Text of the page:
During the bear market spanning September 2000 to October 2002, the buy-and-hold portfolio lost 28.3% and took 29 months to fully recover the losses. If the investor had rebalanced annually, the drawdown would have been less severe: Over the 25-month period, the rebalanced portfolio experienced a 20.7% loss, outpacing the buy-and-hold portfolio by 760 basis points. A byproduct of its more subdued drawdown, the rebalanced portfolio recovered almost twice as fast, reaching its previous high 15 months after it troughed.

The story was similar during the 2007-08 financial crisis, when the buy-and-hold portfolio's overweighting in equities led to a loss of 36.6%. Once again, it took more than two years for this portfolio to fully recover. In comparison, the annually rebalanced portfolio lost 31.9% over the 16-month drawdown period, clearly ahead of its unbalanced counterpart. The time to fully recover those losses was also shorter, with a recovery period of 20 months.

Given what research has shown about investor behavior, investors struggle to hold on during severe drawdowns. They often sell out of their declining equity positions for safer havens, locking in losses, extending the recovery period, and consequently hampering overall performance.

How Often Should You Rebalance? The experience of a buy-and-hold portfolio can be tumultuous, but rebalancing can help smooth out the ride. To illustrate this, we created six different rebalancing versions of the initial 60/40 portfolio. Five of the strategies employed rebalancing frequencies spanning from daily--the least realistic for the average investor--to annually--arguably the most realistic. The last strategy rebalanced only when the underlying stock allocation drifted more than 5 percentage points from the strategic allocation for each index.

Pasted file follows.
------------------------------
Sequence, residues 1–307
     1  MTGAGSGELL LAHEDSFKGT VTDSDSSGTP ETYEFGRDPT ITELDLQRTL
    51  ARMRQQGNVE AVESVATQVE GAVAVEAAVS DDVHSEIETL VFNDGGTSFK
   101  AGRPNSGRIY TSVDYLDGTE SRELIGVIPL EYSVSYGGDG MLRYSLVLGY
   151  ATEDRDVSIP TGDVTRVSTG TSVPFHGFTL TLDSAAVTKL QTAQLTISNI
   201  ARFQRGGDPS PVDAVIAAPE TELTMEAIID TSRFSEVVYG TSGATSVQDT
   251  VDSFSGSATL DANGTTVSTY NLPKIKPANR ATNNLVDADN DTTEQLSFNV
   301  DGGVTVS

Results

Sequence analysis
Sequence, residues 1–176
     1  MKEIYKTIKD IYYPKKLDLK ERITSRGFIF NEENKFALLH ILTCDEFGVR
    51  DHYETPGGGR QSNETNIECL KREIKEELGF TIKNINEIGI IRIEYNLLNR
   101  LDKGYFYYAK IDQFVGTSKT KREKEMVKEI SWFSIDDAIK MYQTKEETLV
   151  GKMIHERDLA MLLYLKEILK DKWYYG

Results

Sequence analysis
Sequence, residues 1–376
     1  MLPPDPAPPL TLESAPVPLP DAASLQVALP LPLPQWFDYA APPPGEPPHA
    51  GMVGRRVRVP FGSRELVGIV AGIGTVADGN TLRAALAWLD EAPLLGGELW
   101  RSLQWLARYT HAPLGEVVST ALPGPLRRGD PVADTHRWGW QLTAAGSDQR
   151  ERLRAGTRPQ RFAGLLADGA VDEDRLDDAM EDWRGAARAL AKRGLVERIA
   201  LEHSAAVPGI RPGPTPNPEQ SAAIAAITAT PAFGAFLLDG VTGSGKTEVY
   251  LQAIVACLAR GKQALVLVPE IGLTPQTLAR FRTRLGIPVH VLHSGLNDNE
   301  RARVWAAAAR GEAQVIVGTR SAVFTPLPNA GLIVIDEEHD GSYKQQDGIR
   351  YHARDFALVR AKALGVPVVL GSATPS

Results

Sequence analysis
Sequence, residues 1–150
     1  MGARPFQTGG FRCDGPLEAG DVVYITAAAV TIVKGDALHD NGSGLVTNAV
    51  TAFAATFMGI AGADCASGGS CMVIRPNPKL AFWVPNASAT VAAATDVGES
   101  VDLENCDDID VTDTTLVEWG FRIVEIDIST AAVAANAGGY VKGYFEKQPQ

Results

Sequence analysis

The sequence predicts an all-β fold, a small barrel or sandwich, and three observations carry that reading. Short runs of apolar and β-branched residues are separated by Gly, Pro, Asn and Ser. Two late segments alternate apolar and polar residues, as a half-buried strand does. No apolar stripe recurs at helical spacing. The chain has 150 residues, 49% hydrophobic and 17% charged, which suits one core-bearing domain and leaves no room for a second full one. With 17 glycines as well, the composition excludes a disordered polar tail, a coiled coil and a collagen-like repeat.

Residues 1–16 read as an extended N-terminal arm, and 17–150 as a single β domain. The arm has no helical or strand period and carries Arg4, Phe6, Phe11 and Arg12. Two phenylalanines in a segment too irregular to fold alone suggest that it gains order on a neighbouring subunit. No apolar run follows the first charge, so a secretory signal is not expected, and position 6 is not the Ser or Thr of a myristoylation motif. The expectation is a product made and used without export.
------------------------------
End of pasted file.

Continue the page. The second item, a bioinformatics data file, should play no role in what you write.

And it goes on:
Exhibits 3 and 4 compare both the trailing returns and Sharpe ratios for each portfolio. We can draw several conclusions from these exhibits:

  • Exhibit 3 illustrates that the buy-and-hold portfolio earned slightly higher returns than all of the rebalancing portfolios. However, it also had significantly higher volatility because its equity weighting increased to such high levels during stock market rallies, making the return advantage not worth the risk.
  • Exhibit 4 shows that all of the rebalancing portfolios had higher risk-adjusted returns, as measured by Sharpe ratio, than the buy-and-hold portfolio over the trailing one-, three-, five-, 10-, and 15-year periods and since the 1994 inception. That result owes to the lower volatility experienced by the rebalancing portfolios.
  • Daily, monthly, or even quarterly rebalancing may be an unrealistic expectation for do-it-yourself investors, but a combination of annual rebalancing and periodic reviews for large fluctuations, such as 5-percentage-point deviations, should be within the realm of possibility. (Plus, over the 26-year span, the annual rebalanced portfolio's equity weighting eclipsed 65% only once; in other words, the deviations from strategic weightings using that approach are reasonable.) Our research shows that doing so will lead to better outcomes over the long term relative to buy-and-hold investors.

In summary, it's tough to predict where the market is headed, but we can control our portfolio's risk exposure through prudent rebalancing, and history suggests that will lead to better results for investors.